The Affordable Care Act (ACA), often referred to as “Obamacare,” has been successful in many big ways since the deeply flawed launch of the federal online insurance marketplace almost a year ago. By the end of the law’s open enrollment period for insurance in April of this year, over 7.5 million people had enrolled in private insurance plans through the federal and state exchanges, exceeding the Congressional Budget Office’s original projection of 7 million. (That number had dropped to 7.3 million last month; it is constantly changing due to job-related insurance changes and eligibility for Medicare and Medicaid.) In addition to the more than 7 million new enrollments in private insurance plans, 11.7 million people were found to be eligible for Medicaid or the Children’s Health Insurance Program when they visited their online insurance exchange.
Despite these successes, many supporters of the ACA — not to mention opponents — aren’t satisfied with the law’s performance thus far. One reason is that while the law helped about 19 million people get health insurance, an estimated 50 million Americans were without insurance when the law was passed. That means at least 30 million or so Americans still lack health insurance, and the law’s supporters want to get as many of them as possible signed up during the next open enrollment period, which begins in mid-November.
But as a recent article in The Wall Street Journal makes clear, getting more people signed up won’t be an easy task. One reason is that many people who signed up during the first open enrollment period were “low-hanging fruit,” meaning those who needed little persuading to sign up — either because they were previously denied coverage due to a preexisting medical condition (which the ACA outlawed) or because they were residents of an urban area with good outreach efforts by supporters of the law. Many people who still lack insurance are likely to live in rural or smaller communities, lack chronic health conditions for which they might feel a pressing need for insurance, or belong to cultural groups that are resistant to getting insurance (namely Hispanics). To add to the challenge, the upcoming enrollment period is only three months long (the first enrollment period lasted six months) and overlaps with the holiday season, when many people are busy and overstretched financially.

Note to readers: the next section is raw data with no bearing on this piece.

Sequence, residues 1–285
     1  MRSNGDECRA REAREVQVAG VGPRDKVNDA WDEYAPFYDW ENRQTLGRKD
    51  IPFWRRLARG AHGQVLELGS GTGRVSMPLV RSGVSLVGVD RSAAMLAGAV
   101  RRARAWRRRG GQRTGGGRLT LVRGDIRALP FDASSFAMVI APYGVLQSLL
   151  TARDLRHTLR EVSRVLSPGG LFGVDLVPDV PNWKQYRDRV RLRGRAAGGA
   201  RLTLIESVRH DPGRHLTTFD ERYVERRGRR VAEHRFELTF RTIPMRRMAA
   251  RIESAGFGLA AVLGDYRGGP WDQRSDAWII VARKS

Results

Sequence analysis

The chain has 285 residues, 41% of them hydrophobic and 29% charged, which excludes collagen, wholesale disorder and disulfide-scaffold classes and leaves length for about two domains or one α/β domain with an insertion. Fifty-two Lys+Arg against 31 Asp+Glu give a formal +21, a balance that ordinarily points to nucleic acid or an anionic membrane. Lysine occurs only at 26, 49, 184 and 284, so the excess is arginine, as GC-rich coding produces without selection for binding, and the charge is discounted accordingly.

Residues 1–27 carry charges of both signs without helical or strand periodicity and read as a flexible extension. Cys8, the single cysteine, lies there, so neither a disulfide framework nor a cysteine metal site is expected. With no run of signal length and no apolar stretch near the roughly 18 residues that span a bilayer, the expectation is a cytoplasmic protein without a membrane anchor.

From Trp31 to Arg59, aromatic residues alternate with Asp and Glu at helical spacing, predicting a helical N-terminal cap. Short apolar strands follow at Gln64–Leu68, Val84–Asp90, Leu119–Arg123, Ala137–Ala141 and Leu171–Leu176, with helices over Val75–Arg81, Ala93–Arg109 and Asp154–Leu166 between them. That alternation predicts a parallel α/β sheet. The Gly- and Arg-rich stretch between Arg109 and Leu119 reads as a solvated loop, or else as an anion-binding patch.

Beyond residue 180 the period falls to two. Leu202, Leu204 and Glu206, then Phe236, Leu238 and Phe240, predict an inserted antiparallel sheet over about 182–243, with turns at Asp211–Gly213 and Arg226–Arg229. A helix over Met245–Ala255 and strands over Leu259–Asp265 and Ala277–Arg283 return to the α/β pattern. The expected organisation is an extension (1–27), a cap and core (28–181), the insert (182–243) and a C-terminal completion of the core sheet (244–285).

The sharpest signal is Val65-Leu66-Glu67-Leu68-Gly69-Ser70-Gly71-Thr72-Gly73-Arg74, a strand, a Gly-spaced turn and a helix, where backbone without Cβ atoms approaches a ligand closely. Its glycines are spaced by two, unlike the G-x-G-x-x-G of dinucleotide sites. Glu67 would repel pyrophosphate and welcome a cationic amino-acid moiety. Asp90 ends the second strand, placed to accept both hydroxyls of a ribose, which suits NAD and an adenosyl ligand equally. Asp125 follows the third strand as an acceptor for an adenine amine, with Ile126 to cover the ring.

But groups leading the signup effort have a couple of new tools they plan to use in their efforts to persuade the uninsured. One tool is testimonials from people who have already signed up using the online exchange, something that was not available a year ago when the exchanges were brand new (and mostly not working well). Another, more controversial, tool is reminding people that they are required by law to sign up for health insurance and risk being charged a fine if they don’t (fines are waived for a number of reasons, including financial hardship). Surveys from the first enrollment period show that as many as 4 in 10 people who signed up wouldn’t have done so without the ACA’s requirement to have insurance, so signup organizers have concluded that they’ll persuade more people than they’ll alienate by talking about the law’s fines in addition to its benefits.
What’s your take on the ACA a year after the debut of online insurance exchanges — if you were skeptical of the law, has seeing millions of people sign up for insurance changed your view at all? If you supported the law, has it lived up to your expectations? Do you know anyone who has gotten insurance or otherwise benefited from the law? Should the second enrollment period be extended to later than April 15, so that people charged a fine for lacking insurance in 2014 can sign up for 2015? Leave a comment below!